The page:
The functional-cognitive framework as a tool for accelerating progress in cognitive neuroscience: On the benefits of bridging rather than reducing levels of analyses

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APA Citation: 

Vahey, N., & Whelan, R. (2016). The functional‐cognitive framework as a tool for accelerating progress in cognitive neuroscience: On the benefits of bridging rather than reducing levels of analyses. International Journal of Psychology, 51(1), 45-49. doi:10.1002/ijop.12183

Publication Topic: 
Behavior Analysis: Conceptual
CBS: Conceptual
Contextualism
Contextual Methodology and Scientific Strategy
RFT: Conceptual
Publication Type: 
Article
Language: 
English
Keyword(s): 
Functional-cognitive framework; cognitive neuroscience; cognitive proxies; reductionism
Abstract: 

The subject matter of neuroscience research is complex, and synthesizing the wealth of data from this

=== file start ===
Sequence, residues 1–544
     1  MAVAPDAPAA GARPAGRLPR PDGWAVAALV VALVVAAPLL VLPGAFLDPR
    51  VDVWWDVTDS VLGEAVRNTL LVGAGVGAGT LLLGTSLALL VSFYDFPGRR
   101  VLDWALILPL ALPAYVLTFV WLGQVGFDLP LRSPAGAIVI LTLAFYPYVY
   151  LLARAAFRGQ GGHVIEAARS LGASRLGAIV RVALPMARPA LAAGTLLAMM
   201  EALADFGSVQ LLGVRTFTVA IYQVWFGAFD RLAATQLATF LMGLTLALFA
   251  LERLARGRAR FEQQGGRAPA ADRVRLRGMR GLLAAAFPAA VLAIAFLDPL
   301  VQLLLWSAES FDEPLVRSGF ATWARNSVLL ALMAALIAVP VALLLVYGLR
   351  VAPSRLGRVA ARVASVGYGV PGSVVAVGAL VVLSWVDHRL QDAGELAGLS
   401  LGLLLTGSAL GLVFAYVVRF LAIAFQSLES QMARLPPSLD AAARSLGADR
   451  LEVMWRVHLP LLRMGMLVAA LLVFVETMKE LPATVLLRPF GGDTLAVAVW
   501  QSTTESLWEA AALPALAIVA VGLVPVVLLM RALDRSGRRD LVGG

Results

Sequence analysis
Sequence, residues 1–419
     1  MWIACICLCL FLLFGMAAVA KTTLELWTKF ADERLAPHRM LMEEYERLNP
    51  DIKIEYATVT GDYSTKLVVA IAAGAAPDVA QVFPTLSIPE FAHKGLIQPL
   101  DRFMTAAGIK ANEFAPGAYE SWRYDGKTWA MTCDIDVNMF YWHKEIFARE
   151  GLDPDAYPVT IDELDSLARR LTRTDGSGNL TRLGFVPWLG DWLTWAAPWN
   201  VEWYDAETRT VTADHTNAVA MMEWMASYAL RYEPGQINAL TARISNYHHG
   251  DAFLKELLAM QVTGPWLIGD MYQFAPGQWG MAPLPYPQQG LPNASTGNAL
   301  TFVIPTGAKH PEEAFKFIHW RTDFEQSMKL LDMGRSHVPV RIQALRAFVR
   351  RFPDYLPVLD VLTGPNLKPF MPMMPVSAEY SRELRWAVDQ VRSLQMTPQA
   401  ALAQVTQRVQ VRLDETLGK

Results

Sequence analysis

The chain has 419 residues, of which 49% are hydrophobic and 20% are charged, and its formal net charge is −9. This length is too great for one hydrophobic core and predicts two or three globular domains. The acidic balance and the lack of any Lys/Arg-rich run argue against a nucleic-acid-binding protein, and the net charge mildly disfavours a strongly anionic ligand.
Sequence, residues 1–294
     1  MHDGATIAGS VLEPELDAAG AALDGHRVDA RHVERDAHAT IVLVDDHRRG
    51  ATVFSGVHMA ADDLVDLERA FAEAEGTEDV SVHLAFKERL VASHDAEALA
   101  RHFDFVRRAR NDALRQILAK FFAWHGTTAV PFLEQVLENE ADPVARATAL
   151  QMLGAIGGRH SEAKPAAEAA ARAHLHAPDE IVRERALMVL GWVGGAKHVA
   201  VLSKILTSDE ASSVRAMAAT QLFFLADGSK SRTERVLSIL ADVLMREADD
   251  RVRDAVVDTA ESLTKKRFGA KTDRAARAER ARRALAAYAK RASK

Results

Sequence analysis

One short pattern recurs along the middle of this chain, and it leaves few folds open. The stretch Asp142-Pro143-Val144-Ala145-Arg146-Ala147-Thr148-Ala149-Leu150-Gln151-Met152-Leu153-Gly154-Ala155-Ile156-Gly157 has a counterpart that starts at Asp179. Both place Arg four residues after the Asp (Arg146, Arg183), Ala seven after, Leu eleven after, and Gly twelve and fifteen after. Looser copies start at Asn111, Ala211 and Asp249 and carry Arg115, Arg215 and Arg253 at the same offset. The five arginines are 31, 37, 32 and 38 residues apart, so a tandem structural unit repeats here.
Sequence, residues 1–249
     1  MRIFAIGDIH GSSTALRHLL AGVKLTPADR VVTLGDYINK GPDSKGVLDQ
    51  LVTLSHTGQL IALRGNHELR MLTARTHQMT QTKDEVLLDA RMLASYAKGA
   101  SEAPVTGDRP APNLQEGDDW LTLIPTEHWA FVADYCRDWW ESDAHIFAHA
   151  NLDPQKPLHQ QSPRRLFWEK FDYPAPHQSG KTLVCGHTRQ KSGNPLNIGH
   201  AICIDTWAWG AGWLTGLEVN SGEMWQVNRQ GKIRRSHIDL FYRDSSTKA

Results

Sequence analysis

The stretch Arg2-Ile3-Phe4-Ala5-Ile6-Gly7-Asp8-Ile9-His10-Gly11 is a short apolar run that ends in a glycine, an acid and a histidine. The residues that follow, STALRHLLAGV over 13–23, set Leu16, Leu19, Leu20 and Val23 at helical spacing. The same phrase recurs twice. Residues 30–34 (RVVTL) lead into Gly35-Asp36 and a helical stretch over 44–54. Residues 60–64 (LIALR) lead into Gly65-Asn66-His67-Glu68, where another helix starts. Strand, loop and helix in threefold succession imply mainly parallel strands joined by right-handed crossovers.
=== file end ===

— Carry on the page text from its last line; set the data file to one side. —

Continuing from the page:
research to better understand mental processes is challenging. A useful strategy, therefore, may be to
explicitly distinguish between the causal effects of the environment on behaviour (i.e., functional
analyses) and the mental processes that mediate these effects (i.e., cognitive analyses). In this article
we describe how the Functional-Cognitive (F-C) framework can accelerate cognitive neuroscience
and also advance a functional treatment of brain activity. We first highlight that cognitive neuroscience
can particularly benefit from the F-C approach by providing an alternative to the problematic practice
of reducing cognitive constructs to behavioural and/or neural proxies. Next, we outline how functional
(behaviour-environment) relations can serve as a bridge between the cognitive and neural processes
by restoring mental constructs to their original role as heuristic tools. Finally, we give some examples
of how both cognitive neuroscience and traditional functional approaches can mutually benefit from
the F-C framework. 

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